State education laws across the country are changing. School districts in 29 states use poor effectiveness as grounds for dismissal, according to a report released Thursday by the National Council on Teacher Quality, a Washington-based think tank that tracks teacher policies. Just five years ago, no states allowed student performance to be considered in teachers’ evaluations, said Kate Walsh, the executive director of the center. Now, 20 states require such data.

-Angela


Fight Over Effective Teachers Shifts to Courtroom

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Some of the students who are suing the State of California over tenure for teachers walked to a news conference this week outside Superior Court in Los Angeles. Monica Almeida/The New York Times

LOS ANGELES — They have tried and failed to loosen tenure rules for teachers in contract talks and state legislatures. So now, a group of rising stars in the movement to overhaul education employment has gone to court.

In a small, wood-paneled courtroom here this week, nine public school students are challenging California’s ironclad tenure system, arguing that their right to a good education is violated by job protections that make it too difficult to fire bad instructors. But behind the students stand a Silicon Valley technology magnate who is financing the case and an all-star cast of lawyers that includes Theodore B. Olson, the former solicitor general of the United States, who recently won the Supreme Court case that effectively overturned the state’s ban on same-sex marriage.

“Children have the right to access good education and an effective teacher regardless of their circumstances,” said David F. Welch, the telecommunications entrepreneur who spent millions of his own dollars to create Students Matter, the organization behind the lawsuit. The group describes itself as a national nonprofit dedicated to sponsoring litigation of this type, and the outcome in California will provide the first indication of whether it can succeed.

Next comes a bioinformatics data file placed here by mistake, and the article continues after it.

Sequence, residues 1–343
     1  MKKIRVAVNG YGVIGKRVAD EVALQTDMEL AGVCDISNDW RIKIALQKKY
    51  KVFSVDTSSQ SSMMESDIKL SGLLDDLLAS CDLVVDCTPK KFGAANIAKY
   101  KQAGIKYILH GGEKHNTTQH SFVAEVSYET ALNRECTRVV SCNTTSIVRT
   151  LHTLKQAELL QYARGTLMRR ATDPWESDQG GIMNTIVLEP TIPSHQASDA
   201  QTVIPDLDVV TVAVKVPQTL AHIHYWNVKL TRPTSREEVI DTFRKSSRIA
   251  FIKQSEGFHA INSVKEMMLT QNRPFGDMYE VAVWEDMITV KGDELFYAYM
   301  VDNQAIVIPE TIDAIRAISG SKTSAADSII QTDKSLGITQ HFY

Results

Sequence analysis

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John E. Deasy, the schools superintendent of Los Angeles. Monica Almeida/The New York Times
At issue is a set of rules that grant permanent employment status to California teachers after 18 months on the job, require a lengthy procedure to dismiss a teacher, and set up a seniority system in which the teachers most recently hired must be the first to lose their jobs when layoffs occur, as they have regularly in recent years.

Teachers’ unions, which hold powerful sway among lawmakers here, contend that the protections are necessary to ensure that teachers are not fired unfairly. Without these safeguards, the unions say, the profession will not attract new teachers.

“Tenure is an amenity, just like salary and vacation, that allows districts to recruit and retain teachers despite harder working conditions, pay that hasn’t kept pace and larger class sizes,” James M. Finberg, a lawyer for the California teachers’ unions, said this week in his opening statement in court.
The monthlong trial promises to be a closely watched national test case on employment laws for teachers, one of the most contentious debates in education. Many school superintendents and advocates across the country call such laws detrimental and anachronistic, and have pressed for the past decade for changes, with mixed success. Tenure for teachers has been eliminated in three states and in Washington, D.C., and a handful of states prohibit seniority as a factor in teacher layoffs. But in many large states with urban school districts, including California and New York, efforts to push through such changes in the legislature have repeatedly failed.

While several lawsuits demanding more money for schools have succeeded across the country, the California case is the most sweeping legal challenge claiming that students are hurt by employment laws for teachers. The case also relies on a civil rights argument that so far is untested: that poor and minority students are denied equal access to education because they are more likely to have “grossly ineffective” teachers.